Atomic Habits, easy read of a collection of methods to build new habits. I liked that it gave examples to remember. The main idea is to break any habit to super small steps, it’s more important to repeat a habit every day than fully perform the habit.
11) Priced Out — Uwe Reinhard
Next I read a number of US health policy books, biggest problem in the US in my opinion. First one, Priced Out by Uwe Reinhardt, just shows you how deep the problem is and what types of systems other nations have adopted.
12) An American Sickness— Elisabeth Rosenthal
American Sickness shows how outrageous the “business” of health has become, with great tips for consumers to help solve it. What I loved was examples of real stories from real people.
13) The Code— Margaret O’Mara
Amazing history of silicon valley from 1950s up to now. Interesting how big of a role government and defense has played as well as how tax laws, international competition, and other factors have played a role. Nice overview of earlier days of venture capital too.
14) Super Pumped — The Battle for Uber — Mike Isaac
What an astonishing read. Mike Isaac has written the story of Uber, a fair one, like a novel you cannot stop reading. It’s been a hell of a journey for Uber. Best part, you remember reading about the events happening just few years ago and this book shows the backstage story
15) Medical School for Everyone — The Great Course Series
Very interesting approach on teaching a quick summary of the basics you will learn in med school through a couple dozen case studies. Very engaging and informative. The whole series of TheGreatCourses is a very well done micro education series.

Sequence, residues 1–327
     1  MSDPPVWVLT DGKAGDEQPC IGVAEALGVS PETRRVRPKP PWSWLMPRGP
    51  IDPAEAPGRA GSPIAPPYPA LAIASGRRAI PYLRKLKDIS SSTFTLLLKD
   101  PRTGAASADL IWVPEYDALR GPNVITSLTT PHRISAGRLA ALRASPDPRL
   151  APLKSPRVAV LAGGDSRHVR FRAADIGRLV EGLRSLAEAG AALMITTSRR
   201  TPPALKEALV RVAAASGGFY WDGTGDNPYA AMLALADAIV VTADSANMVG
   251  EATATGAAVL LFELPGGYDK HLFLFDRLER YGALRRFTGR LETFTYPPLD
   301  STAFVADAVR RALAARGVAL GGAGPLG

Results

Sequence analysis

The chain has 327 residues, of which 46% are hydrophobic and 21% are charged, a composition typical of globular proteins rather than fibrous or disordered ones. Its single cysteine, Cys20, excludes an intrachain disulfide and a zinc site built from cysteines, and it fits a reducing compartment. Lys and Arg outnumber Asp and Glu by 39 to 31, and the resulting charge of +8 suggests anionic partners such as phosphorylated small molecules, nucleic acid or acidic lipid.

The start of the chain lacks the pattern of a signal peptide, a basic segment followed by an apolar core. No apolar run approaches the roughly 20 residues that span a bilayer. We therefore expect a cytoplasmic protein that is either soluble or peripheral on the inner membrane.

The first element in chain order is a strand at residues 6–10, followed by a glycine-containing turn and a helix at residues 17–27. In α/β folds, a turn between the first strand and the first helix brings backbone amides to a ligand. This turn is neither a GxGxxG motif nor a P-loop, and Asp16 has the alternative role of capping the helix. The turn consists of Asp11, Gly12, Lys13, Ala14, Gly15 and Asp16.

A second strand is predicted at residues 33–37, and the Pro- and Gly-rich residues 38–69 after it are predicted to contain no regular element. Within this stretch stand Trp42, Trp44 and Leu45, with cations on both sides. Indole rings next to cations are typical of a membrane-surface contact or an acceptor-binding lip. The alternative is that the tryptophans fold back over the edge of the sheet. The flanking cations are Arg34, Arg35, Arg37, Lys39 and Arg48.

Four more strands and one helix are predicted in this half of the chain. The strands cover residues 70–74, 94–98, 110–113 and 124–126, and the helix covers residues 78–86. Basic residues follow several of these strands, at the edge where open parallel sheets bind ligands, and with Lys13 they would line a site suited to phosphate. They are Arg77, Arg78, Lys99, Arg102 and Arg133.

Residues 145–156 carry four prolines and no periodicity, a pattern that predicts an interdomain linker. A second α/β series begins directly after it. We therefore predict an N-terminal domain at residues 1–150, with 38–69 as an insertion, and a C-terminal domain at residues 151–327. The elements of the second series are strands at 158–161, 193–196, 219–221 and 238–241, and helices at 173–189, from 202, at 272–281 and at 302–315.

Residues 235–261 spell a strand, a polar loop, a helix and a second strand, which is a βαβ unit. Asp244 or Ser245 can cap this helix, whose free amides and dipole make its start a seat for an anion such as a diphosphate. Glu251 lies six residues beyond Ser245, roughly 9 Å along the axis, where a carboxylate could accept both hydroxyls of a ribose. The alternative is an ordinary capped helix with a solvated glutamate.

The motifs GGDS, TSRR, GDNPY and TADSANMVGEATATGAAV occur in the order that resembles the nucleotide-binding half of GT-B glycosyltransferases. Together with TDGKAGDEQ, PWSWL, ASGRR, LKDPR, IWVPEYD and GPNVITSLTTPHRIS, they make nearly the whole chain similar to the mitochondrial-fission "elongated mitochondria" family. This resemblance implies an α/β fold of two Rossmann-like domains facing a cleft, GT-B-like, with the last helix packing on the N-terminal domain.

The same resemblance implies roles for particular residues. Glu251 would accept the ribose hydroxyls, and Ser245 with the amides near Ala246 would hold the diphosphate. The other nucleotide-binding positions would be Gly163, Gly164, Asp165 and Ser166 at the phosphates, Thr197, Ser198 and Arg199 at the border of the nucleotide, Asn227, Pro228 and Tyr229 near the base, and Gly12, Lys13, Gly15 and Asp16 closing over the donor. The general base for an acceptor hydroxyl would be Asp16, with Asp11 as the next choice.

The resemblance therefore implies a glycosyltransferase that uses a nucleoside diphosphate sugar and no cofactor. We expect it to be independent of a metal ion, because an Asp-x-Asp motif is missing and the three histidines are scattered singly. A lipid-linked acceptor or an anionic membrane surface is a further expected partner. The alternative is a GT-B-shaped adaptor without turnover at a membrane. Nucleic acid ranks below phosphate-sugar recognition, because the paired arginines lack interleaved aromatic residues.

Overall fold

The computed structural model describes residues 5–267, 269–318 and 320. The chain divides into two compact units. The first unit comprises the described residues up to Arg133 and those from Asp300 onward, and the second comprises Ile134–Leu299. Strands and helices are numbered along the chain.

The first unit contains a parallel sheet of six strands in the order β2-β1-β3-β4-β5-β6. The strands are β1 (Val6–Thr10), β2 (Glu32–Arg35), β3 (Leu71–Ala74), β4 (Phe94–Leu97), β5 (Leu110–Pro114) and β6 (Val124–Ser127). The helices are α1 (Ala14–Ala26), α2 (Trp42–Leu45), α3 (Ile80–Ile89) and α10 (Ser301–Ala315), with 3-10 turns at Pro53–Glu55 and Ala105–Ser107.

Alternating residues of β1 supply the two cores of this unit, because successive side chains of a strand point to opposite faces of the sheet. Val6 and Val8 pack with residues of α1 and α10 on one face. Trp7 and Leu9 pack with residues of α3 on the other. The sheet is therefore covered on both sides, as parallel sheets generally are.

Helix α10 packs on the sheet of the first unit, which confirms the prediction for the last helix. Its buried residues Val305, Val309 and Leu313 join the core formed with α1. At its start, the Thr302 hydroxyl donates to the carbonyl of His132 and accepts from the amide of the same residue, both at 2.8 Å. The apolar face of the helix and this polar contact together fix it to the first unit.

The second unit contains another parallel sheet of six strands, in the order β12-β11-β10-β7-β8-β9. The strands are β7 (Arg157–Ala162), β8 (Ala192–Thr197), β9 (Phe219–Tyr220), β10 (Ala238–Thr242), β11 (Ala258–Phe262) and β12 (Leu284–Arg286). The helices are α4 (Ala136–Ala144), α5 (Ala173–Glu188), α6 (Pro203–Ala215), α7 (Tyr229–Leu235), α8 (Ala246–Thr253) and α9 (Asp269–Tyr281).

16) The Ride of a Lifetime — Robert Iger
@RobertIger tells a surprisingly open and honest story of his life running Disney. What’s unique is that he started from doing menial labor on TV set (after graduation) and became the CEO of Disney after 30 years. He worked at the same company his entire life (through two acquisitions)
17) What You Do is Who You Are — Ben Horowitz
Latest book from Ben Horowitz, you hear a little bit of his own culture through the book too. A mix of historical stories as well as stories from companies like Netflix, Stripe, etc. It’s not very long, and a lot of goodies are at the end, so make sure to read till the end!
18) The Man Who Solved the Market — Gregory Zuckerman
The story of how Renaissance and quant trading started, life of Jim Simons, and Mercer and Brown. It’s fascinating how fast things change in 30 years and what is norm today, was a big question mark back then.
19) That Will Never Work — Marc Randolph
This is the story of the early days of Netflix. It’s fascinating how Netflix fought the dot com bust and was one of the few startups that survived it. It’s also interesting to hear about how the emerging DVD helped Netflix have a chance to start big.
These were all great books and I am grateful to all of these authors for spending years of their invaluable time and life to write the books. I’ve learned a lot of new things from each of these books.
If I were to pick my favorite books of this year, it will be these:
1) Economics in One Lesson — Very simple way of looking at key economics concepts (which I don’t necessarily agree with all)
2) Super Pumped — Story of how Uber was born and all the wrong and right things they did to win
3) Made in America — Story of how Walmart was born